The Winnipeg Sun
reports that Le, 30, was released from custody earlier this month. Although the details of his bail hearing are covered by a publication ban, it is believed the conditions imposed upon Le amount to virtual house arrest.
Le is no stranger to judicial interim release; been there, done that.
The 30-year-old was arrested on June 8 and charged with three counts of sexual assault, one count of uttering death threats, and one count of theft under $5,000. It is alleged that on June 4 he grabbed an 18-year-old woman, put his arms around her, and grabbed her wrist. He is accused of attempting to push her down while threatening her.
About 90 minutes later, Le was alleged to have touched a 14-year-old girl on her upper body. The teen managed to flee.
Two days later, Le is accused of inappropriately touching a 15-year-old girl on a city bus. The girl told police after contact with the man, she noticed her cellphone was gone.
Le was released on bail on a Friday, the same day he was arrested. One of the terms of his release was that he was to have no contact with anyone under the age of 18 years without another adult being present.
On the Sunday, two days after being released on bail, police observed Le at a shopping mall talking to a pair of 13-year-old girls. He was again arrested and faces an additional charge of breach of his bail conditions.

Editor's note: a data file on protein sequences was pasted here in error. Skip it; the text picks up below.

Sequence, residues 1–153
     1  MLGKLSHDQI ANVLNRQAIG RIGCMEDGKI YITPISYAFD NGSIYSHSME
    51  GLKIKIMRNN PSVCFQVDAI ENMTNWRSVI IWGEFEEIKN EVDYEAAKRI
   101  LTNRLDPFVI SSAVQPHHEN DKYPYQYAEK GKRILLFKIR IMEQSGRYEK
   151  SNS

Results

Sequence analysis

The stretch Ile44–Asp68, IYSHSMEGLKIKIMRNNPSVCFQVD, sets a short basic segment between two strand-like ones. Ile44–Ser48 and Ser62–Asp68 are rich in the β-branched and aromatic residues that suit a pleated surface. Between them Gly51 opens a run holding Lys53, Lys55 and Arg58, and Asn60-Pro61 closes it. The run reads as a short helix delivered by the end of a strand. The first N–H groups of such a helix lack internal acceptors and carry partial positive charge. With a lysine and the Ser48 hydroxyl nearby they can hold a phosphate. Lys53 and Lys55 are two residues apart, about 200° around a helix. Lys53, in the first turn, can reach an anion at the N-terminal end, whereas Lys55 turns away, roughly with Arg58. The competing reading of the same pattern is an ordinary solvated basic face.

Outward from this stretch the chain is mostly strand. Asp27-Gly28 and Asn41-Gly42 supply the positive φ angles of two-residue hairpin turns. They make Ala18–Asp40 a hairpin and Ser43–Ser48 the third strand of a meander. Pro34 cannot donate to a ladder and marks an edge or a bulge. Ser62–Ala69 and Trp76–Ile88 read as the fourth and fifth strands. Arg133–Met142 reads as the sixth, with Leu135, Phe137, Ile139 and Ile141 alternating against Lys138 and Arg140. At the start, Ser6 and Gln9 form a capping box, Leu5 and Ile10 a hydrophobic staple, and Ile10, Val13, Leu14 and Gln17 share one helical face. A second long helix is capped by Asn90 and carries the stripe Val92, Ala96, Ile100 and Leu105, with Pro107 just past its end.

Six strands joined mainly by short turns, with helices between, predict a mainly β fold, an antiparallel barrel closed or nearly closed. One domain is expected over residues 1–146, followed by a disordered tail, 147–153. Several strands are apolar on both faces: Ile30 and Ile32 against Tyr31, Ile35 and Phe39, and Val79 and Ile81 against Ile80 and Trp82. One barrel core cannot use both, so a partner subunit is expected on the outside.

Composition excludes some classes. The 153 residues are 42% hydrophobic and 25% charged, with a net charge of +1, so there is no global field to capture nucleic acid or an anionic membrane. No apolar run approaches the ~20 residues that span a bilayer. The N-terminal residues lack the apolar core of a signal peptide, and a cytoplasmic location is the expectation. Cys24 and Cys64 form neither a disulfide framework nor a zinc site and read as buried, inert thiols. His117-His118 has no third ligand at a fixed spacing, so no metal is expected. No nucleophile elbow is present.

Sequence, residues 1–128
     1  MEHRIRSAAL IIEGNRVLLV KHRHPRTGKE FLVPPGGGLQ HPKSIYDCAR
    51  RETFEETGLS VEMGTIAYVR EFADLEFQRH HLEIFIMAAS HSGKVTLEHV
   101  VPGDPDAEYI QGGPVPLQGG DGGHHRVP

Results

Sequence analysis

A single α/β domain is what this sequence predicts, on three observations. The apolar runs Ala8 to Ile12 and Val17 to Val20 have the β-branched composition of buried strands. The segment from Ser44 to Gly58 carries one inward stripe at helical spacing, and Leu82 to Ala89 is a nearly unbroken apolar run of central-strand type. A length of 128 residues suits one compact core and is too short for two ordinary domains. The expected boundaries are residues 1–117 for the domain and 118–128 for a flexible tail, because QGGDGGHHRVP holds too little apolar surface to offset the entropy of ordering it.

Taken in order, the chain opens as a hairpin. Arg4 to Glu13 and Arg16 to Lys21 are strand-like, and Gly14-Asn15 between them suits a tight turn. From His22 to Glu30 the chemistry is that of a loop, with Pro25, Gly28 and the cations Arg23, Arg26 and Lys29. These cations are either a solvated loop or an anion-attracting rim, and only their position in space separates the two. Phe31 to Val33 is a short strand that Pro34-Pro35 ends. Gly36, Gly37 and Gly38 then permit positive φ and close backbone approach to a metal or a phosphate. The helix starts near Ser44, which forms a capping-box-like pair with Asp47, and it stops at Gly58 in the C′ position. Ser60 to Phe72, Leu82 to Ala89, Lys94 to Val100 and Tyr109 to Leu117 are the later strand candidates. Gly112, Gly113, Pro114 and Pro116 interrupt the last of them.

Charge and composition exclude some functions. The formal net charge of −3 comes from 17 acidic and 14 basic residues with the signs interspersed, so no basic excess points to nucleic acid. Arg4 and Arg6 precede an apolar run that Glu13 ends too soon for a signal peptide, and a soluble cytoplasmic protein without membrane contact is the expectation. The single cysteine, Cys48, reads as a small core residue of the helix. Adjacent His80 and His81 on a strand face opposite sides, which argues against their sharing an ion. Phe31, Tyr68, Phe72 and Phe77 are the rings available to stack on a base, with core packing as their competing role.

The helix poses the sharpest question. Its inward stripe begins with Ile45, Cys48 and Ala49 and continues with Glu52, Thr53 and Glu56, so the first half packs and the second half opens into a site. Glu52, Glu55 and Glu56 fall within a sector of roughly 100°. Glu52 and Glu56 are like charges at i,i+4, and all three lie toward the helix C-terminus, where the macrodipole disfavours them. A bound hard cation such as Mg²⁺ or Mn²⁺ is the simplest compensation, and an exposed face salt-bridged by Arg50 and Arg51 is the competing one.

Breaching a condition of bail and merely having a conversation with a couple of 13-year-olds is no reason to keep someone in custody; he was released again three days later.
On June 22, he was again arrested on other sexual assault charges. But he was released for a third time on Aug. 1.
Mike Sutherland, president of the Winnipeg Police Association, blames the slow pace of the judicial system for the revolving door Le keeps going through. Sutherland was quoted in the Winnipeg Sun
as saying, "If you have an individual who would have been processed through the courts, and perhaps incarcerated, and not given the opportunity to commit repeated crimes...we might be in a situation where we would truly have some accountability and some swift justice."
According to Sutherland, Le's situation is not unique and police do not have enough resources to properly monitor those who are out on bail.
Victims' groups are not happy with Le's releases either. Rosalind Prober, the president of Beyond Borders, a group that combats child exploitation, was quoted by Canoe News
as saying, "How many times do we carry this charade on before we look at the rights of the children he has allegedly victimized?"
Members of Manitoba's Progressive Conservative Party are criticizing the NDP government for not committing enough resources to the province's criminal justice system.